Primary care programs using three-pronged approach net high results with or without intervention by doctor…
In a meta-analysis, patients who received counseling achieved a maximum weight loss of about 14lbs compared with a top weight loss of about 4lbs for those who did not participate in these programs. However, there is concern that none of the studies reported the intervention being delivered by primary care doctors. “The current findings suggest that a range of trained interventionists, who deliver counseling in person or by telephone, could be considered for treating overweight or obese patients encountered in primary care settings,” investigators said.
Interventionists in the reviewed studies included registered dietitcians, psychologists, exercise specialists, health counselors, medical assistants, and laypeople, whom all followed a structured protocol to deliver counseling. These interventions included a reduced-calorie diet to induce an energy deficit of about 500kcal/day; 150 minutes or more a week of aerobic exercise such as walking; and behavioral strategies to facilitate adherence to the diet and exercise recommendations.
Researchers evaluated studies of behavioral counseling for overweight or obese patients in primary care setting conducted by doctors or interventionists. They noted that they did not include trials such as the Diabetes Prevention Program or the Look AHEAD studies because the counseling was provided to volunteers recruited outside of primary care in these studies. They also included studies in which patients were counseled for at least 3 months, with at least 6 months of follow-up. None of the over 12 trials evaluated included primary care doctors who delivered counseling on their own.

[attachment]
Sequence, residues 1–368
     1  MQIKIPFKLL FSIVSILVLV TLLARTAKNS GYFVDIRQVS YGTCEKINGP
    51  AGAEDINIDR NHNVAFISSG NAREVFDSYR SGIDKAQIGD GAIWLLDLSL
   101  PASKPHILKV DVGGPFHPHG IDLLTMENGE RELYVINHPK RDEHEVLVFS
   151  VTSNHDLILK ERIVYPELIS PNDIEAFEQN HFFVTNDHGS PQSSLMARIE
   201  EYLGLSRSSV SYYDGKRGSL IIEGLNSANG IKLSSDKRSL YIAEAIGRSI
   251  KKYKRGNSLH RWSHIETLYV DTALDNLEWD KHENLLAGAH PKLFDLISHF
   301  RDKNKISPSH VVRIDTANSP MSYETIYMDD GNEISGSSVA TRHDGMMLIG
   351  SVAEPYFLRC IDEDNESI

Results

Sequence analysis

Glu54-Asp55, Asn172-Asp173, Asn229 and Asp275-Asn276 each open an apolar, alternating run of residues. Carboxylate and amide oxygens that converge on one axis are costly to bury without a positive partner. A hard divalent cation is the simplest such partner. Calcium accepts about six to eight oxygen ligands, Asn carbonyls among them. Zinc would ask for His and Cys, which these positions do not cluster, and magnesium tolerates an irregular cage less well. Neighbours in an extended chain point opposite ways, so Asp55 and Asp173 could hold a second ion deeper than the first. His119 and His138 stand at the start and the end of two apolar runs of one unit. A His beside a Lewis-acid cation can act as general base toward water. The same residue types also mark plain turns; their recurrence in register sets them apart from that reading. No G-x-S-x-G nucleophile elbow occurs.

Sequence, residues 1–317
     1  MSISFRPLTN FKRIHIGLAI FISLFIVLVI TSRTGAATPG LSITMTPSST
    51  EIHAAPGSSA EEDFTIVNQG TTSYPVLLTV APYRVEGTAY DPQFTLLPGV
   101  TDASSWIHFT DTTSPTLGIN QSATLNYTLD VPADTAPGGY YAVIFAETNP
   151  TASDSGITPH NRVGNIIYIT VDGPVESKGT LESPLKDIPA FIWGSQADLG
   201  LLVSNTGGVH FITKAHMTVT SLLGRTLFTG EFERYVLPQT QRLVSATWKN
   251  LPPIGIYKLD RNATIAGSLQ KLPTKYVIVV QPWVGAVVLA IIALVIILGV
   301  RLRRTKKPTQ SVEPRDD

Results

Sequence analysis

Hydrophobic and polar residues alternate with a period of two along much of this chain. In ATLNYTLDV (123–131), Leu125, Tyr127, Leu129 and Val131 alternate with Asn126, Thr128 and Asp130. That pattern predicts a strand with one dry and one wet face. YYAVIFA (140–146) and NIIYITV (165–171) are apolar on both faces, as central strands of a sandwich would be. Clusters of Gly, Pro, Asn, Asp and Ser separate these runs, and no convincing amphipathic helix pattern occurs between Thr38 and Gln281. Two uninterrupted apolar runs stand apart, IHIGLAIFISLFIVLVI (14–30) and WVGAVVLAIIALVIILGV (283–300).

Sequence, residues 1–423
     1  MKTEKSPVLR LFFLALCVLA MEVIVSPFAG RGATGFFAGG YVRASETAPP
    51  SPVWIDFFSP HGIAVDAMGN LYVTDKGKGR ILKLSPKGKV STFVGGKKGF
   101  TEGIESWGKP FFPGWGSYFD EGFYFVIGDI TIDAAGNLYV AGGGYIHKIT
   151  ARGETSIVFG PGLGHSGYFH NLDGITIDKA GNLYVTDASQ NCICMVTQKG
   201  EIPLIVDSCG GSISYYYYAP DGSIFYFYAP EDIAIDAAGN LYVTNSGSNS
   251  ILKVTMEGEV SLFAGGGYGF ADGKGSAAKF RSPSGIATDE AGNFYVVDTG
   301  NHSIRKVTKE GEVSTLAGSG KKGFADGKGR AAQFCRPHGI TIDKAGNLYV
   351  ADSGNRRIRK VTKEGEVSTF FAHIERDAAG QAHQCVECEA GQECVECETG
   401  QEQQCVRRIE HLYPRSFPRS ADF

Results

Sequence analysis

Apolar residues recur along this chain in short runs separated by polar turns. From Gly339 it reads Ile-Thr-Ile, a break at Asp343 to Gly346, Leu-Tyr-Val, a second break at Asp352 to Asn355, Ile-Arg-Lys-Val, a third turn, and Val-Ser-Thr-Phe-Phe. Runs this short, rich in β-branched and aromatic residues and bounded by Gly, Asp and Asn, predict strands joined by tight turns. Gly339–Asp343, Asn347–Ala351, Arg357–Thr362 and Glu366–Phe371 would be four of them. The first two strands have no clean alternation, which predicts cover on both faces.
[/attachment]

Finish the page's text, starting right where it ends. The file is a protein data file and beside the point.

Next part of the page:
They noted that interventions that prescribe both reduced energy intake and increased physical activity, along with traditional behavioral therapy produced larger weight loss than interventions without these three components. Thomas Wadden and colleagues concluded that more studies are needed to compare the efficacy and costs of behavioral therapy delivered in primary care settings.
In conclusion, primary care doctors will continue to play a role in the diagnosis of obesity, evaluate it causes, assess and treat comorbidities, and can be trained to provide intensive behavioral counseling like other interventionists. However, there are some experts who believe these interventions may be beneficial if specialists could be responsible for these therapies due to increased demands of doctors in patient care.
- Interventions that prescribe both reduced energy intake and increased physical activity, along with traditional behavioral therapy produced larger weight loss than interventions without these three components.
- These studies show the importance of proper counseling of patients in the primary care setting for weight loss.
- There is opportunity for specialists to focus on weight loss in the primary care setting.
Journal of the American Medical Association: Wadden TA, et al “Behavioral treatment of obesity in patients encountered in primary care settings” JAMA 2014; DOI: 10.1001/jama.2014.14173